Comfort Objects for Tiny Special Needs Travellers
Comfort objects are important to many kids. When you travel with a child who has special needs they can make all the difference to the transition process. We began travelling intentionally as a family when my youngest was about five. Why did it take us that long? Well, we were afraid to travel because my younger daughter has special needs. We thought it would be challenging, and it totally is. BUT, it is also abundantly worth it, and then some.
Watching my daughter make friends with children from all over the world, getting her hair braided in Haiti, racing down waterslides with her at Atlantis and hearing her talk about her adventures with pride, is respite from the daily chaos. So what helped and what changed? We figured out some strategies and comfort objects that helped her when we travelled.
There was a process we went through to get to our special needs travel comfort zone. We built up to the bigger adventures by taking road trips. We had social stories in advance of the trip and rehearsed what would happen. One of the things that helped us most was remembering many strategic comfort objects. The comfort objects we packed, or carried made all the difference.
So I thought I’d share a few of the items that always helped her with the transitions and the loudness of public spaces, and the tight, uncomfortable, noisy airplanes. And even the nights sleeping in a strange new hotel or resort, or cruise ship. Travel can, and should be, accessible to all. But it often requires more planning when one or more in your family have special needs.
My youngest daughter has sensory processing disorder and FASD, which I have written about here from time to time. We spent years trying to figure out her diagnoses and then years plugging in supports. Trust me when I say, if there’s a segment of the population that needs holidays more than special needs parents, well I have yet to meet them.
My Picks for Comfort Objects for Tiny Special Needs Travellers
- These can be noise cancelling or otherwise. A really good, sturdy, kid safe set of headphones – preferably a set that collapses and folds up. Use where appropriate. On the van in the way to the airport. Headphones. Right after the flight attendant gives you the okay to put them back on. Headphones. Use a set with a cord because you will be able to use them for in flight movies or TV shows. Helps distract them too when necessary.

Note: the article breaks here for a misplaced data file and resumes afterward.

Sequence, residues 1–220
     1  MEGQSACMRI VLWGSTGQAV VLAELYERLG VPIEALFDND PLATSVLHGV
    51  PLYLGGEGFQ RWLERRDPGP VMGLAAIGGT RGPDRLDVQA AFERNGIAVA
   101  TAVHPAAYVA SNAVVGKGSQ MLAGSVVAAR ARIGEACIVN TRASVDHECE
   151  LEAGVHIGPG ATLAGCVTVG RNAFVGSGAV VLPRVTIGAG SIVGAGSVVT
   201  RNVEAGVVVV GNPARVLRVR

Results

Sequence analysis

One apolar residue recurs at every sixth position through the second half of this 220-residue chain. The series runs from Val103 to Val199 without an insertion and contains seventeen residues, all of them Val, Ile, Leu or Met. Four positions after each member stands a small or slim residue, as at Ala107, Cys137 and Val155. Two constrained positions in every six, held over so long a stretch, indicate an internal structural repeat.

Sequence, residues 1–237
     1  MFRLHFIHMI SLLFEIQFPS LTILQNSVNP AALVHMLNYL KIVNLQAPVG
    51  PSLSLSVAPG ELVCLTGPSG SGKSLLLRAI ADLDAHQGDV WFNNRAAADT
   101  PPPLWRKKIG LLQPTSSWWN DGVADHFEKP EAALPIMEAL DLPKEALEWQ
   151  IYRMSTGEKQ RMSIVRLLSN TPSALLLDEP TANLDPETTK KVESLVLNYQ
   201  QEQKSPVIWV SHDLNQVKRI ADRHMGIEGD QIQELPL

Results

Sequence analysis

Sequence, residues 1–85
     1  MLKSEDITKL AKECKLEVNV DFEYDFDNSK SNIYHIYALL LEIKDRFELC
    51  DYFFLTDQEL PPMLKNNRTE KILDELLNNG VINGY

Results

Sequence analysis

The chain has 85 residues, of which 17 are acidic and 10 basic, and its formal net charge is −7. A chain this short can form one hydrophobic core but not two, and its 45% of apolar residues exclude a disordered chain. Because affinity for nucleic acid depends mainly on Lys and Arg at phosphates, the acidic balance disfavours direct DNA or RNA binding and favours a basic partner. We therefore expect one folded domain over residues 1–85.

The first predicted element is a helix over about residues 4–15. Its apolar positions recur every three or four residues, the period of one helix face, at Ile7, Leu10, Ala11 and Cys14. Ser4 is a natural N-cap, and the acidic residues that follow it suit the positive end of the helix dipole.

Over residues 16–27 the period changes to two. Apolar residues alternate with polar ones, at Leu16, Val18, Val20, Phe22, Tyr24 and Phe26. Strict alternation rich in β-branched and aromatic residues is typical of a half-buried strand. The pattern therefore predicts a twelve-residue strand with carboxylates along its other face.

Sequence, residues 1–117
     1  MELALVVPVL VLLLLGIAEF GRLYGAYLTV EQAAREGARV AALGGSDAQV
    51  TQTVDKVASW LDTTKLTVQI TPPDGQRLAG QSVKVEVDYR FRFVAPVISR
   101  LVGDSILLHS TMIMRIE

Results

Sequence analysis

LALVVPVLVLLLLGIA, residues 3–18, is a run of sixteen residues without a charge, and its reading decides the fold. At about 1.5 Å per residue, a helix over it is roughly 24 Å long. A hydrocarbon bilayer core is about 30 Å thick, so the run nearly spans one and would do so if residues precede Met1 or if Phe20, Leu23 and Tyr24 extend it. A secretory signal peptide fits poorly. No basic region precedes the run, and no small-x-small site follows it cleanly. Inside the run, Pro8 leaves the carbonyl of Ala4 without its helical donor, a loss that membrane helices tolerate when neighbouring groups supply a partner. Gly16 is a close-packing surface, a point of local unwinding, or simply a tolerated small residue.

- The best ones we ever found were very simple Gymboree cotton swaddle blankets like these: Gymboree Fun Li’l Blanket. My daughter received two when she was an infant. She also got one for her first birthday and she had a matching outfit with poppies on it. Obviously she’s long since outgrown the outfit (size 1) and yet the blanket is still floating around a decade later – a bit worse for the wear but still as soft as ever. For some reason at 13, as a teenager, doesn’t like swaddling anymore. LOL. These are the softest I have ever found. Kids with sensory issues like soft things. For my girl, holding it and smelling it, and worrying the fabric between her hands, was calming.
(Clicking on any of the images or links will take you to Amazon and you can get them straight away.)
A Friend – Ours is called Wendy, a Build-A-Bear
- Husband and I joked recently that Wendy has been to more countries and airports than most adults. The wonderful thing about our bear is that she has never been lost. She was always cuddled on landing and takeoff and also smelled of home. That mattered. Oh, and the thing about Build-A-Bear is that they are all registered with Find-A-Bear so you if one did get lost it could be reunited with your child fairly easily. Your friend could be any stuffed animal that is soft and loved.
Comfort Objects for Tiny Travellers – Quiet fidgets